How to Love Rejection

by Guest blogger Maria Scrivan

Turn rejection upside down by finding the positive benefits of learning the hard way.




The word “rejection” always seems to have a negative connotation. Just because something is passed over does not make it “bad” or “inadequate.” It simply may not be the right fit at the right time.

Give rejection another name. Think of it as “misplaced work” or “work waiting for a home” and keep submitting.

Why you should love rejection:

Rejection is Feedback

What information can you gather from the rejection? Is the company/gallery/customer the right fit for your work? Can you refine your work? Your presentation? Is there somewhere else that is a better fit? Is there a better person to speak to about your work? Use the feedback to your advantage.

Don’t take it Personally

As artists, our work is an extension of ourselves so it can be difficult to not take rejection as a personal attack. Rejection is not about you and it’s not about your work. It is about whether your work fits a specific editor’s (gallery owner’s/customer’s, etc.) need at that time.

There is a myriad of reasons why a piece is passed over. It could be the wrong style for a collection, a similar piece might have already been used, they may have already exceeded their budget, or the contact person might be too busy on other projects to get back in touch with you.


“Many of life’s failures are people who didn’t realize how close they were to success when they gave up.”  -Thomas Edison


“No” Can Mean “Not Now.”

There are stories of New Yorker cartoonists that took 25 years of submitting before they were published. A friend had submitted the same samples to the same greeting card company for ten years before they were accepted. I’ve been rejected by one editor only to have a different editor in the same company immediately license an entire collection of my work. If you feel strongly that you are a good fit, keep submitting.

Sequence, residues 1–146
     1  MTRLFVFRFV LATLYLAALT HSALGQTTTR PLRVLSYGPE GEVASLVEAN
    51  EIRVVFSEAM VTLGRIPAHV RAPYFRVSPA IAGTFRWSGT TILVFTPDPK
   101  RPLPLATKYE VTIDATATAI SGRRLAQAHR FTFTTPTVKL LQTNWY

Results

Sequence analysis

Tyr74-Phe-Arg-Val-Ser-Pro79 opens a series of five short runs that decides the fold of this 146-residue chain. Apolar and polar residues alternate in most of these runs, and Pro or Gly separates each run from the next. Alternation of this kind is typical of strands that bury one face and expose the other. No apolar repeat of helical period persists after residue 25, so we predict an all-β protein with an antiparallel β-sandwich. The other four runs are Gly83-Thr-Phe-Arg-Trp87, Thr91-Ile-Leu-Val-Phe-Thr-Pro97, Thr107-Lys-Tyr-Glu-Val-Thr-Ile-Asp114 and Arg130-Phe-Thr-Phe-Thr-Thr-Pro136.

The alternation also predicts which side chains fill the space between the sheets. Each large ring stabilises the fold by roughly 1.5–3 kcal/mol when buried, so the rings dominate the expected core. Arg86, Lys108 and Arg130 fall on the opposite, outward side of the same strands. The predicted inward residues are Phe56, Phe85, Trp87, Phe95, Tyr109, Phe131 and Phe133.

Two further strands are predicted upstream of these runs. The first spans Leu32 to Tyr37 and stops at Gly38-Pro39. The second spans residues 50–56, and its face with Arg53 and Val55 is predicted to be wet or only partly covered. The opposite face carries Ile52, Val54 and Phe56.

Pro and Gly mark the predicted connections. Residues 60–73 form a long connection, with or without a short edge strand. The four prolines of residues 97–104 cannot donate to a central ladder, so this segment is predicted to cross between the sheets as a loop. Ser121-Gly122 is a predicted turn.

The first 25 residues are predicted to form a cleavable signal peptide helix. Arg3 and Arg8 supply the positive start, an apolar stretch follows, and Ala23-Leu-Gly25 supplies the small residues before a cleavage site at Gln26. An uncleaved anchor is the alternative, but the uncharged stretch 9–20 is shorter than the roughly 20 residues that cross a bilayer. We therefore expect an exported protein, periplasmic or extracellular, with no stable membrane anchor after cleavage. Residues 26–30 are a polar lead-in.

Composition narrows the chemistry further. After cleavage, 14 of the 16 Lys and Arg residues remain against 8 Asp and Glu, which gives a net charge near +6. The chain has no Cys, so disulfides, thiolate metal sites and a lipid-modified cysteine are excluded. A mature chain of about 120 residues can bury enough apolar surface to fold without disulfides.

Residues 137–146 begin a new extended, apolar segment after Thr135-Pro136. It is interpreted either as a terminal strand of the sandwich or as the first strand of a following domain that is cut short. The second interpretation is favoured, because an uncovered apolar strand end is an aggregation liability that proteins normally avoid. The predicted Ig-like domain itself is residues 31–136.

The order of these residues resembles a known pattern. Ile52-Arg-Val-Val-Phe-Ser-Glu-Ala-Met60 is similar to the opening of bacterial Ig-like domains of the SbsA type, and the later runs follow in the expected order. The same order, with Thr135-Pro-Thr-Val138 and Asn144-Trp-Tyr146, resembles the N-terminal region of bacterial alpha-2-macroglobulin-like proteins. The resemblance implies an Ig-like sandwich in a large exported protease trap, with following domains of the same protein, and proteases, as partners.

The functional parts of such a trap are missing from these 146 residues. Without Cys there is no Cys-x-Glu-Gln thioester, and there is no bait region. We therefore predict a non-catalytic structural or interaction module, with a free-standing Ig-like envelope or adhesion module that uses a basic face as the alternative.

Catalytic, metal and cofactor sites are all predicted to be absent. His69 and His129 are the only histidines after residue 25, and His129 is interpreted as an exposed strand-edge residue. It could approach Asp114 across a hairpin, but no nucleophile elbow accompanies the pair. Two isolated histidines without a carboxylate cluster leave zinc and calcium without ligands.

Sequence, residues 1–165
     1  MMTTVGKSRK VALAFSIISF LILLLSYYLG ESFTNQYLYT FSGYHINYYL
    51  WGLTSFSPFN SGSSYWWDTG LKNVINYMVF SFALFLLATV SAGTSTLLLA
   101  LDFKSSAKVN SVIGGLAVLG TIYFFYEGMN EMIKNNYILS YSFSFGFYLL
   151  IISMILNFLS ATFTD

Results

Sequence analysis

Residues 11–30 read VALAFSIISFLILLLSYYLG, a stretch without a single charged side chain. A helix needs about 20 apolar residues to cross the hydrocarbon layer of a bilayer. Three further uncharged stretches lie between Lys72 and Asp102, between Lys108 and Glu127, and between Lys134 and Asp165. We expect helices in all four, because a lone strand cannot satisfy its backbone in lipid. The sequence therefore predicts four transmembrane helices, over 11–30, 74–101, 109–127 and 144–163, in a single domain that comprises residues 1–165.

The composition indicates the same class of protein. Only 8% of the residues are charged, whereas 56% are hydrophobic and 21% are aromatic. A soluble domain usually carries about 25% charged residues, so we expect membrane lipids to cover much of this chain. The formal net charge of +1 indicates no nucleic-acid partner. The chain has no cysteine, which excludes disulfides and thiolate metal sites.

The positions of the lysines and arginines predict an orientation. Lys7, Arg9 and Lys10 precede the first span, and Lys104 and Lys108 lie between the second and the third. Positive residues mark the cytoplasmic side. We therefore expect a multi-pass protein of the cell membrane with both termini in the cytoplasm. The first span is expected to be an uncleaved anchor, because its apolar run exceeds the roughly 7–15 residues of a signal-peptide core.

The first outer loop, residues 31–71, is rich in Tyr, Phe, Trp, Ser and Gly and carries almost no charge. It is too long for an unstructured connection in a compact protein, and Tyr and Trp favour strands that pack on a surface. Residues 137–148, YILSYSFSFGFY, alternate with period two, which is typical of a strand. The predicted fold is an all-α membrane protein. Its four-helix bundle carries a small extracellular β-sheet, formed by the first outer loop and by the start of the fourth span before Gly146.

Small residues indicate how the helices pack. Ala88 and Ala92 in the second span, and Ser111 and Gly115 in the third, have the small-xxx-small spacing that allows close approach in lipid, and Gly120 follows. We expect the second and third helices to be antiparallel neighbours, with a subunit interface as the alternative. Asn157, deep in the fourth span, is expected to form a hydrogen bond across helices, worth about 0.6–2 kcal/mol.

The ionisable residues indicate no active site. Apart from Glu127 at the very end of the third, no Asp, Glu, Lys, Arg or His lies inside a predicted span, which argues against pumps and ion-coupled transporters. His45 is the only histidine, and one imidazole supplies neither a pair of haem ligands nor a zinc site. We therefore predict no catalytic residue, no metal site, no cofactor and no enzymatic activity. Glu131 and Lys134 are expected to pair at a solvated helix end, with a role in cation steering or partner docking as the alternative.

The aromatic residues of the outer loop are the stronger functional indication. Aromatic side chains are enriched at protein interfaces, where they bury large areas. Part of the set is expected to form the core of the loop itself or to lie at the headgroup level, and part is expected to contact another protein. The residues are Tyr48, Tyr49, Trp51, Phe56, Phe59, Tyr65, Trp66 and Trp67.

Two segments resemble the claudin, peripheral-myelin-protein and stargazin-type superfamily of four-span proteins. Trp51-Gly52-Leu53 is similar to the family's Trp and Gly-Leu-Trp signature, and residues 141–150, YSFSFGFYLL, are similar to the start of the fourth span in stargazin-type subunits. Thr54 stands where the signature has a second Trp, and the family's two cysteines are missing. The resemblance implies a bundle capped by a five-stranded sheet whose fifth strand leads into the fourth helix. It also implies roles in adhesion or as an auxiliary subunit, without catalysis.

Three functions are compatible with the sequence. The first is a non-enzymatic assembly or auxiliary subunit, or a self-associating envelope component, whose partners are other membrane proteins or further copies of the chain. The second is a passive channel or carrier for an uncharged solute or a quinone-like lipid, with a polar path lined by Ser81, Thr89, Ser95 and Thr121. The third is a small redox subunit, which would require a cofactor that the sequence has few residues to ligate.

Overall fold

Try Again

If you send out your work and someone rejects it, you are exactly where you started. The worst thing that can happen is that someone says “No.”

You’re not going to fall off the planet or self-combust (although it may feel like that sometimes.) Rejection is not failure; it is an opportunity to try again.

Go With the Flow

Rejection could very well be putting you on a better path. I’ve been rejected by one publication who would have expected full ownership and a single printing of an image only to have that same image licensed by a greeting card company with national distribution. Rejection may pave the way to even greater opportunities.

You Gotta’ Be in It to Win it

Rejection means you’re in the game. If you’re getting rejected that means you are doing your work and getting it out the door. You are giving someone the opportunity to see it and make decisions about it. It means you are dedicated, and your work is out there in the world.

Rejection leads to persistence and persistence is what it is all about. Next!


Maria ScrivanMaria Scrivan is a cartoonist, illustrator and author.Her comic panel “Half Full” is syndicated online by Universal Uclick and appears daily on GoComics and in newspapers. “Half Full” is also translated into Spanish on GoComics and is licensed to newspapers and magazines in Sweden. Her cartoons are published in MAD Magazine, Parade Magazine, Prospect Magazine, Funny Times,, and many other publications.

Maria licenses her work to Recycled Paper Greetings, NobleWorks Cards, RSVP Greetings, American Greetings, Oatmeal Studios, Macmillan, CheckAdvantage, and Neat-O Shop.  Maria is a member of the National Cartoonists Society.


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  1. wow…we should all print this out and post it on our mirrors!!! Rejection of my work (not me) does make me more persistent for sure!!!! I don’t think it is realistic to think we will get into every show, book or whatever…if we allow it, rejection can makes us expand and grow as artists!